Soon, Kumar came out of Devika Rani’s limelight and started working with Leela Chitnis in ‘Kangan’, ‘Bandhan’, and ‘Jhoola’. Almost all the movies were commercially successful but his biggest success was yet to come. The popular track ‘Ek Chaturnaar’ from ‘Padosan’ was originally sung by Ashok Kumar in his movie ‘Jhoola’ in 1941. Kishore Kumar (Ashok Kumar’s brother) later lifted the tune and sung the song for ‘Padosan’ in 1968.
The year of 1943 and India got its first ‘All Time Blockbuster’ hit ‘Kismet’. Starring Ashok Kumar and Mumtaz Shanti, ‘Kismet’ was the first ever Indian film to showcase an anti-hero or a ‘double-role’. Written by Niranjan Pal and directed by Gyan Mukherjee, the film ran in the theatres for three long years breaking all the existing records and setting new records. It remained to be the longest running film in the country until ‘Sholay’ broke its set records 30 years later.
If you ever wondered what makes a hero more attractive when he is smoking a cigarette or a pipe, then you are bound to watch Ashok Kumar, who is also the first hero of Hindi cinema to smoke on screen. Ashok Kumar evolved and moulded himself with a style and fashion that was unseen and unknown to Hindi cinema during the prevailing time. He gradually defined the term ‘Hero’ with his swooning persona on screen.
In 1940, the Bombay Talkies’ founder Himanshu Rai passed away. A battle for ownership took off between Sashadhar Mukherjee and Devika Rani. Devika Rani succeeded in establishing her dominion over the studio. However, she married the famous Russian painter Svetoslav Roerich in 1945 and left the industry forever to settle down with her husband in Karnataka. By this time Sashadhar Mukherjee already left Bombay Talkies to establish his own studio ‘Filmistan’. In order to save ‘Bombay Talkies’, Ashok Kumar took the title in his hands.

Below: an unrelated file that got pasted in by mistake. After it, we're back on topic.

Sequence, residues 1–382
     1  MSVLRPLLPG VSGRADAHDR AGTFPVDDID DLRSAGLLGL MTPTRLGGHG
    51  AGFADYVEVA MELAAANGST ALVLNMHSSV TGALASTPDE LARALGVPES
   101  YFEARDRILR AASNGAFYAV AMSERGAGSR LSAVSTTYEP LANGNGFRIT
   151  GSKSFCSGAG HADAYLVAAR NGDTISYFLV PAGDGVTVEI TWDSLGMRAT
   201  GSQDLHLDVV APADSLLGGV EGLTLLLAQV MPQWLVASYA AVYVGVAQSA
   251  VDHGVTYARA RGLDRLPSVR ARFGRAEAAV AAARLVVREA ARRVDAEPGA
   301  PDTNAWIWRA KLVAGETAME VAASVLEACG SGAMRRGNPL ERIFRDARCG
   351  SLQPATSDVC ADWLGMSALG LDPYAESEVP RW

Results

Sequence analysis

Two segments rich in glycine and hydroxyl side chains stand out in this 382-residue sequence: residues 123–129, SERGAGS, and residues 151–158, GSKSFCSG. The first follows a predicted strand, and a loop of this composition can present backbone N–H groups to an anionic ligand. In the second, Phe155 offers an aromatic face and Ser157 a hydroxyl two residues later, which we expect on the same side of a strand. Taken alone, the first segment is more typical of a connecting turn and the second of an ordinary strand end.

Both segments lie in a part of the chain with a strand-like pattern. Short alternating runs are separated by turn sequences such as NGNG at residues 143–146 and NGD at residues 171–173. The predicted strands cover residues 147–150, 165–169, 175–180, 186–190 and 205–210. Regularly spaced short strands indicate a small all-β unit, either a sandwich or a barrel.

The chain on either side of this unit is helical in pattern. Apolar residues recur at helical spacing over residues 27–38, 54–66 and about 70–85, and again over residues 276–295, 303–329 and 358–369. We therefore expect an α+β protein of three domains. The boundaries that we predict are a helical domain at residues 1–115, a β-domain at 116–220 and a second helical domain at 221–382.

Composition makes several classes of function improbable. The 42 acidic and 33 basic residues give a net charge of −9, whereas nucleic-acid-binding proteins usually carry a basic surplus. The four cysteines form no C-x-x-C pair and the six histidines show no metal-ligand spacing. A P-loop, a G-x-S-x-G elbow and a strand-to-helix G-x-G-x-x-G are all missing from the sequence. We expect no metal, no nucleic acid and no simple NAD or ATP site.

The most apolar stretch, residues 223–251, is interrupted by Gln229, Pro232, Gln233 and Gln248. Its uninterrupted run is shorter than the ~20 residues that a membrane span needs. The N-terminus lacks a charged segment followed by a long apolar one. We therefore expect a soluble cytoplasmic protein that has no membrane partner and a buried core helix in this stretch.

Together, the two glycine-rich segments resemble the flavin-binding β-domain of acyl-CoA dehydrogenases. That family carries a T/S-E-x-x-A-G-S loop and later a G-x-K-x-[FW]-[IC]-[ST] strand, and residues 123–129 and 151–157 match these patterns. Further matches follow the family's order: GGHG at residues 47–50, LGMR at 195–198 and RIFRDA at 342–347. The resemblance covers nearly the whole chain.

In 1949, he produced the historical thriller ‘Mahal’ showcasing the theme of reincarnation for the first time on Indian cinema under the banner of Bombay Talkies. The movie went on to set many records and produced unbeatable talents, who later on became legends. It was one of the highest grossing movies of 1949.
‘Mahal’ was a big break as a lead for the magnificent Madhubala. ‘The Indian Nightingale’, Lata Mangeshkar, also earned name and fame through her soundtrack ‘Aayega Aanewaala’ from the film. She became the first playback singer in India whose name was credited on-air at the All India Radio due to overwhelming inquiries made by the audiences after airing the song on the radio. The movie was director Kamal Amrohi’s debut venture who later went on to become one of the prolific directors of Bollywood. Bimal Roy was the editor of the movie who again later went on to become another ranked filmmaker in the industry.
In-spite of the back to back successes, Bombay Talkies was closed in 1954 marking the end of a historical era in Bollywood.
In 1950, he was seen in Ramesh Saigal’s blockbuster super hit ‘Samadhi’. The movie turned out to be the year’s biggest grosser. ‘Samadhi’ was the story of a young soldier of INA who falls in love with a British spy. Being true to the title of the movie ‘Samadhi’, Ashok Kumar as Shekhar, an INA soldier, is martyred at the end of the movie near the Indo-Burman border.
In 1953, he played Shekhar Ray in Bimal Ray’s ‘Parineeta’ opposite Meena Kumari. The film was adapted from Sharatchandra Chattopadhyay’s Bengali novel ‘Parineeta’. The movie was edited by the legendary Hrishikesh Mukherjee and is regarded as one of the finest screen adaptation of the original novel. It is known for the blooming chemistry between Meena Kumari and Ashok Kumar as Lalita and Shekhai Ray. ‘Parineeta’ was remade again later in Hindi by Pradeep Sarkar in 2005.